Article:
When a friend told recent UALR graduate, Satia Spencer, that she should audition for a part in the local production of the musical, āCaroline, or Change,ā she didnāt anticipate having so much in common with a character from the 1960s.
āHer feelings about certain things mirrored my own in some ways. I thought, āWow, this is so me because the similarities were too creepy,āā said Spencer.
The main character of the musical is Caroline Thibodeaux. It is set in the early 1960s in Lake Charles, Louisiana. Caroline is the maid of a caucasian family and mother of four children, who finds herself questioning social norms and her own status.
According to Spencer, even though Caroline is the lead character, her point of view is not the only one that is highlighted in the play, and audiences will enjoy how the characters interact with one another.
āEven the lowest person is esteemed in someoneās eyes. The youngest character in the play is 8 years old, and he equates Caroline with the president of the United States. She is just that strong and important to him.ā
Spencer, who was a non-traditional student and a single mother of a 14-year-old son when she graduated in May, shared her thoughts about similarities between herself and Caroline.
āI have cleaned houses. I was a victim of domestic violence. I have a child that I have to set an example for… I just saw so much of myself in this character,ā Spencer said.
In the past, she found herself asking, āIs it too late for me to go to school? Is it too late to fulfill my dreams?ā
Spencer ultimately decided that it was not too late, and one of her dreams was to sing. So without having any prior formal training, she enrolled in UALRās music program where she found professors who were more than willing to help her achieve her goals.
āThey would help you shine, to bring out your fullest potential. That was so encouraging.ā
And Spencer did shine. Even though her first voice lesson wasnāt until 2008, in 2011, she won the National Association of Teachers of Singing Inc. award in the Advanced Women category.
The DeWitt, Arkansas, native has performed with the UALR Opera Theater and appeared in several productions including āLa Tragedie de Carmenā as Carmen and the Mother in āAmahl And The Night Visitorsā and has even serenaded Gov. Mike Beebe.
āOur music department is so cohesive that I would have to name the entire department to accurately thank everyone,ā she said.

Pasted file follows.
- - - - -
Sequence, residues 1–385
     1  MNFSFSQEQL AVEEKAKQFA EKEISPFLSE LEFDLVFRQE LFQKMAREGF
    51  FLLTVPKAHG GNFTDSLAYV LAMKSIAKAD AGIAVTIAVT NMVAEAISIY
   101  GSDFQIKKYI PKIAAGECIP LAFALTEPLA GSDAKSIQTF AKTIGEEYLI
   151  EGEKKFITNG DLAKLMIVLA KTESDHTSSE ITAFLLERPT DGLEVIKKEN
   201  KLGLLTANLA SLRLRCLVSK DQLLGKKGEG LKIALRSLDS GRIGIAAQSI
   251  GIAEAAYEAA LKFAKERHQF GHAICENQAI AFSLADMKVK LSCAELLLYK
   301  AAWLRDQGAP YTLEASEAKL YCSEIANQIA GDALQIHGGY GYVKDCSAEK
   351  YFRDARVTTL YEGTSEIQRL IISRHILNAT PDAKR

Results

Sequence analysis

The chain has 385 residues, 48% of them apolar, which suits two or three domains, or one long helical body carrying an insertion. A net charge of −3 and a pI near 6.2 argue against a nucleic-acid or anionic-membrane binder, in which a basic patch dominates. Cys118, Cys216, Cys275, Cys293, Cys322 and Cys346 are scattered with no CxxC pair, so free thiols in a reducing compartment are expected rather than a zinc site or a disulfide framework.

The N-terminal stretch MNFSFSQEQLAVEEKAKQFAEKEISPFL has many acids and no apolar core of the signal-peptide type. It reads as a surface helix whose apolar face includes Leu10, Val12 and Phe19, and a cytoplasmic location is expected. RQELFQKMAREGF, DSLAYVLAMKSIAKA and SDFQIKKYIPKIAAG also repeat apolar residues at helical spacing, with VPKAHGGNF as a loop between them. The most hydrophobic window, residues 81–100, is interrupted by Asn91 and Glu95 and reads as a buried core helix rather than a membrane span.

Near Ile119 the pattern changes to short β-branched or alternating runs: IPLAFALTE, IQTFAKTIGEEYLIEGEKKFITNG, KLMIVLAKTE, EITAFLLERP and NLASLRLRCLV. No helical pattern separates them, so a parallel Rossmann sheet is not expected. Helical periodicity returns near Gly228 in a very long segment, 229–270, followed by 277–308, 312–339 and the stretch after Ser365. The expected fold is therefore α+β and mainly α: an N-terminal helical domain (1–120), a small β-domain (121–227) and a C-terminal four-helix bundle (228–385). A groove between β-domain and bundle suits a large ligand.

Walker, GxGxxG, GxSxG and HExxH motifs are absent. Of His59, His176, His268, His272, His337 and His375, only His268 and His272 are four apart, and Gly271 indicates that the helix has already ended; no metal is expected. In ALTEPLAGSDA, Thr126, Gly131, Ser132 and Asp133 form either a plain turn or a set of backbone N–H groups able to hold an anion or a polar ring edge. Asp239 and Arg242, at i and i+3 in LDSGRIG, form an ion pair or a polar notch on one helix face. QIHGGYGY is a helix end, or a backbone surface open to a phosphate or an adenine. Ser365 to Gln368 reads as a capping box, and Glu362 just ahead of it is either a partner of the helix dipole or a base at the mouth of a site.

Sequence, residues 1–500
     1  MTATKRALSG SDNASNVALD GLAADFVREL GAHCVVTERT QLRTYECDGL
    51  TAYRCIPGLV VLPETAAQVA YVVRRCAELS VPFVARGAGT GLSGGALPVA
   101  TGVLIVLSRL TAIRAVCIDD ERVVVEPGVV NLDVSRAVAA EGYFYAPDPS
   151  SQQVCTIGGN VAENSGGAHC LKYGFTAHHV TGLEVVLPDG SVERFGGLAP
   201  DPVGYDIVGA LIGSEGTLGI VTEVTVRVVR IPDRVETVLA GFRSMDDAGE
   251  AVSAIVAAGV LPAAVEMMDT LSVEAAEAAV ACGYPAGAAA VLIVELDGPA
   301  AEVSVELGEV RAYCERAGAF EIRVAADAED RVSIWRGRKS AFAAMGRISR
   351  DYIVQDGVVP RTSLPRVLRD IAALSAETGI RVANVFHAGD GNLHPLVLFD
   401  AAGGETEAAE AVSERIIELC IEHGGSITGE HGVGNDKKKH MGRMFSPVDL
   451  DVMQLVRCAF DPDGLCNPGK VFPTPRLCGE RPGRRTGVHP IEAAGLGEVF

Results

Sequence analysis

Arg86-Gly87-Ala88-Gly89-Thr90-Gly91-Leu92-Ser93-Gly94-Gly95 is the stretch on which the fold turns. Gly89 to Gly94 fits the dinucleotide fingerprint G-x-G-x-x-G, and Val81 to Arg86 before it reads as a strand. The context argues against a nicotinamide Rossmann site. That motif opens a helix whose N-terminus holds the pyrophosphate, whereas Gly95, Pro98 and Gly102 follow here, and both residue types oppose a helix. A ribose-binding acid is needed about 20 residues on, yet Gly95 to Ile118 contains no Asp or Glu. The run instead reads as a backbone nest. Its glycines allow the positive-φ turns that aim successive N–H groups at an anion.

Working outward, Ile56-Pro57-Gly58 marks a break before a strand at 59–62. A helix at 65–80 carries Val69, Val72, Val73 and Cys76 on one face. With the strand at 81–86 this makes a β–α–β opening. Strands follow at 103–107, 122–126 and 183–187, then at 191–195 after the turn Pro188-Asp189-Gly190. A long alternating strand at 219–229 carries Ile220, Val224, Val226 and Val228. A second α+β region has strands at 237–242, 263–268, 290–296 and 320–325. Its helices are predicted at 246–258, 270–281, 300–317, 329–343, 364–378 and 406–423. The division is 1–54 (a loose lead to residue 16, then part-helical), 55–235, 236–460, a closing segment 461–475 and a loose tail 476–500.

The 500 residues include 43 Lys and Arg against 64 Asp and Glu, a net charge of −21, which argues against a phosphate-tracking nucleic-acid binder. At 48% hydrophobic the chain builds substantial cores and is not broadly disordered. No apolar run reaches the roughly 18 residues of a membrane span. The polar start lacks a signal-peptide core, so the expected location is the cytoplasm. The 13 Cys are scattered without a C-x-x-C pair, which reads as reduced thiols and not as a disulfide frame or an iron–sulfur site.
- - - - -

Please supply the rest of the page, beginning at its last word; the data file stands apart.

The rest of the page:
Spencer described Dr. Bevan Keating, director of Conducting and Choral Studies at UALR, as a ātrue mentor.ā
She also thanked Keatingās wife, Kira, who was her first voice teacher, her most recent voice teacher Diane Kesling, Professor Edward Kraft and his wife for helping music students participate in study abroad programs, and Dr. Vicki Lind for being an advocate for music education students.
Spencer is not only a talented performer but with a bachelorās degree in Music Education, she is now a licensed educator and plans to teach like another hero of hers – her father.
Sadly, her father passed away while she and her cast members were in rehearsals for the play.
āIām a natural teacher. My father taught art at Central High School in Helena for years,ā Spencer reminisced.
āI see something that isnāt right and I want to do something that creates an impact; what better way to do that than to teach,ā she added.
More about the Play
āCaroline, or Change,ā is the winner of the Laurence Olivier Award and the Lucille Lortel Award for Best New Musical, and started running at the The Weekend Theater in early June.
Caroline is drifting through her life as a single mother of four working in a service job to a white family. A fragile, yet beautiful friendship develops between the young Gellman son, Noah (who has lost his mother), and Caroline. Noahās stepmother Rose, unable to give Caroline a raise, tells Caroline that she may keep the money Noah leaves in his pockets. Caroline balks and refuses to take money from a child, but her own children desperately need food, clothing and shoes.
Regardless of the circumstances, whether it is the death of President Kennedy, her daughterās growing activism and misunderstood dismissal of what she perceives to be Carolineās choice to remain a maid, her sonās enlistment in Vietnam, a fight with a newly college-bound friend, or a spin with the dryer, Caroline remains unflappable.
For more information, go toĀ The Weekend Theater.
To keep up with Institute programs, sign up for our E-Newsletter.
The Institute on Race and Ethnicity at UALR was founded in July 2011. With a vision to make Arkansas the best state in the country for promoting and celebrating racial and ethnic diversity, the Institute conducts research, promotes scholarship and provides programs that address racial inequities. It does so by facilitating open and honest dialogue aimed at empowering communities and informing public policy to achieve more equitable outcomes. For more information, visit ualr.edu/race-ethnicity or the Instituteās Facebook page at www.facebook.com/Arkworktogether.